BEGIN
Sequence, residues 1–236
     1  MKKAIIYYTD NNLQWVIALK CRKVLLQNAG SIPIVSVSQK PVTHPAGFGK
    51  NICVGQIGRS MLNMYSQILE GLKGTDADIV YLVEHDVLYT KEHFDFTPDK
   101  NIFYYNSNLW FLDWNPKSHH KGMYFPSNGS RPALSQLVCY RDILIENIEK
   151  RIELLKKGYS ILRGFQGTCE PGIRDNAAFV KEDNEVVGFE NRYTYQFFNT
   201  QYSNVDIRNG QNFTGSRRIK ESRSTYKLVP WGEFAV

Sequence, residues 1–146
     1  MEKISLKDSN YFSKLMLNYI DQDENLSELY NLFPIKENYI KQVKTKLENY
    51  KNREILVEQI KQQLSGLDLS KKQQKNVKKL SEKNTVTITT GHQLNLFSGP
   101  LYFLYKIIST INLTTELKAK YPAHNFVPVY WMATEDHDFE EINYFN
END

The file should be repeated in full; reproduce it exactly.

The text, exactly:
Sequence, residues 1–236
     1  MKKAIIYYTD NNLQWVIALK CRKVLLQNAG SIPIVSVSQK PVTHPAGFGK
    51  NICVGQIGRS MLNMYSQILE GLKGTDADIV YLVEHDVLYT KEHFDFTPDK
   101  NIFYYNSNLW FLDWNPKSHH KGMYFPSNGS RPALSQLVCY RDILIENIEK
   151  RIELLKKGYS ILRGFQGTCE PGIRDNAAFV KEDNEVVGFE NRYTYQFFNT
   201  QYSNVDIRNG QNFTGSRRIK ESRSTYKLVP WGEFAV

Sequence, residues 1–146
     1  MEKISLKDSN YFSKLMLNYI DQDENLSELY NLFPIKENYI KQVKTKLENY
    51  KNREILVEQI KQQLSGLDLS KKQQKNVKKL SEKNTVTITT GHQLNLFSGP
   101  LYFLYKIIST INLTTELKAK YPAHNFVPVY WMATEDHDFE EINYFN